Fraud and integrity
TenneT aims to operate in a consistent and reliable way, independent of suppliers and electricity producers, providing all parties with guaranteed, non-discriminatory access to our transmission grid. We operate in a straight-forward and predictable manner so our stakeholders can rely on us at all times. Our Company Code and Rules of Conduct define our way of working at TenneT and are published on our company website.
Potential fraud is one of the risks identified by the Executive Board. Detecting potential fraud is part of all our internal audits. Effective communication and awareness training on this subject help to protect TenneT and our employees against economic and reputational harm.
We also have a Compliance Committee, with members from relevant functions (Risk Management and Internal Control, Internal Audit, Corporate Safety & Security) and compliance officers. The objective of the Compliance Committee is to raise awareness of potential fraud and prevent it, thereby reducing this risk.
In 2016, two integrity breaches were identified at TenneT, both related to inappropriate relationships with a supplier. Internal investigations were carried out and we took additional measures that can help prevent similar cases in the future.
TenneT has a sexual harassment committee and a whistle-blowing procedure for internal and external integrity issues. In the Netherlands, employees can report any concerns confidentially to a trusted counsellor ('vertrouwenspersoon'). In Germany, this role is covered by the compliance officer. Our whistle-blowing procedure and the cases arising in 2016 are published on the company's website.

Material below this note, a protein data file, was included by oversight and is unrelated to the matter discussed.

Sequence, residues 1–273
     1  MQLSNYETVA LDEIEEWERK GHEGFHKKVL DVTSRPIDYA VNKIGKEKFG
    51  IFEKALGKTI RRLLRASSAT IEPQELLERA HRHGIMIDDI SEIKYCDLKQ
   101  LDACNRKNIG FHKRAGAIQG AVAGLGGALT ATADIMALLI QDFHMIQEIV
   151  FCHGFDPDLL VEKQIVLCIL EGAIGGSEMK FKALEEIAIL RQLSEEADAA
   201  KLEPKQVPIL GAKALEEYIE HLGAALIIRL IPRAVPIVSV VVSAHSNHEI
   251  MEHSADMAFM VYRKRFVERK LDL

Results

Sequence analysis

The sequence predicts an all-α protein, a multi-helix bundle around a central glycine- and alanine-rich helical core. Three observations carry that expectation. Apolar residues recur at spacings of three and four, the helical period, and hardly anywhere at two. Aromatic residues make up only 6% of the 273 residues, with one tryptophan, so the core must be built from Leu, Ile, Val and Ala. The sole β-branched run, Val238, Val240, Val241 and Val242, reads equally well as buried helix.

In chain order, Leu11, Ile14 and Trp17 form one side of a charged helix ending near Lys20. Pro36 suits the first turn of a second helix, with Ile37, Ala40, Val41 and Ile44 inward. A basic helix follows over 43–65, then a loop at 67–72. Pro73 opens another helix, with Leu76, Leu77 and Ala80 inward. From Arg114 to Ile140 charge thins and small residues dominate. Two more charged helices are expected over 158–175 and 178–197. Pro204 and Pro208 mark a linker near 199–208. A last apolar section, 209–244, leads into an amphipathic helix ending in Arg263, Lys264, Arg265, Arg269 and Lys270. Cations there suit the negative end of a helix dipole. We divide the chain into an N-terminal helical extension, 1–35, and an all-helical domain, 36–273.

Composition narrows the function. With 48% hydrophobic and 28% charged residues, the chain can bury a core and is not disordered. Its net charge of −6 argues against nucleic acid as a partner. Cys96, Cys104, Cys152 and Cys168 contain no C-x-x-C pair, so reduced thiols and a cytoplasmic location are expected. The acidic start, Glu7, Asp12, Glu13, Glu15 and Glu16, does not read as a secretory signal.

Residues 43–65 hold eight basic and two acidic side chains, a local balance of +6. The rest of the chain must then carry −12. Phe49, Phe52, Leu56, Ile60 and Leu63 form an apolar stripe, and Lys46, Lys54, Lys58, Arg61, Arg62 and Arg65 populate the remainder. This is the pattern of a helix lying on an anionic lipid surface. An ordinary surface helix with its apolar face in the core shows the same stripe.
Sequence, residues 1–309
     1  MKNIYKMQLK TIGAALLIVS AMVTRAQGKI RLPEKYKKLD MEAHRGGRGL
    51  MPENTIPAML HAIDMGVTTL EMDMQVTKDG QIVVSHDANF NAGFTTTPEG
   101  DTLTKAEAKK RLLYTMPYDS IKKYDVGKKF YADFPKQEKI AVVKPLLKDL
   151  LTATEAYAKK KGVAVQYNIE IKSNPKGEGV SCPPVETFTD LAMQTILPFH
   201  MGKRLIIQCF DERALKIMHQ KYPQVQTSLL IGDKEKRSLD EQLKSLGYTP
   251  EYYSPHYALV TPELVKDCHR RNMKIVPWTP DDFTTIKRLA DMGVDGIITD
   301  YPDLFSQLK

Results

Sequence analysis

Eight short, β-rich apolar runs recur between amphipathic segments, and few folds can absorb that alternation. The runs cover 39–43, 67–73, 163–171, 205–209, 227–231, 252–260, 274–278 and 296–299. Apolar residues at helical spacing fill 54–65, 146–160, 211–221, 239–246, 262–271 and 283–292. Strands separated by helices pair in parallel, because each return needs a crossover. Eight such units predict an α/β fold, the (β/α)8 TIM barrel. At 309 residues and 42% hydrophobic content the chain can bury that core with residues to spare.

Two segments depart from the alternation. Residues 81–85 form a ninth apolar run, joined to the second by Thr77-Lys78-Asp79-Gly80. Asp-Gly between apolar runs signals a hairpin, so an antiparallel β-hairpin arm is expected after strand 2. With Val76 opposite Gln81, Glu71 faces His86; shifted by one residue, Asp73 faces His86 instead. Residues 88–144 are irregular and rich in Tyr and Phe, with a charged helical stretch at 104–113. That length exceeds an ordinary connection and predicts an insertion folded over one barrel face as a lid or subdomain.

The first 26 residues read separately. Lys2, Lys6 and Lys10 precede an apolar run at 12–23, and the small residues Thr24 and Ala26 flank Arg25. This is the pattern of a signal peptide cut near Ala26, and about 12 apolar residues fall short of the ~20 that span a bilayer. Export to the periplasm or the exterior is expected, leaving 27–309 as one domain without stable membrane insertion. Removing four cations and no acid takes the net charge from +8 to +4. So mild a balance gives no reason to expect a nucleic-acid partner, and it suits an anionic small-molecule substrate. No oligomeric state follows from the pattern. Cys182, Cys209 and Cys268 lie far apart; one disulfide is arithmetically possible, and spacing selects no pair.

Due to growing size, complexity and associated integrity risks, a compliance risk analysis was performed to make a comprehensive assessment of the compliance risks inseparably linked with the business model and role of TenneT. The analysis was performed by an external advisor and included interviews with members of the Executive Board and senior management, document reviews and additional analysis, as well as a review of existing measures to mitigate compliance risks, including bribery and corruption. The analysis did not reveal any compliance violations or suspicion in relation thereto, but confirmed that significant risks exist in terms of possible passive corruption or conflicts of interest, particularly given TenneT's substantial volume of investments and associated procurement activities. The risk analysis outcome and the advisor's recommendations to enhance the existing risk mitigation measures were discussed in the Executive Board. To strengthen compliance within TenneT, several actions were taken and will be further addressed in the coming year. Among others this entails the issue of a Corporate Gift Policy, an updated compliance policy and the implementation of a systematic and group-wide compliance management system, managed by two newly appointed compliance officers reporting directly to the CEO.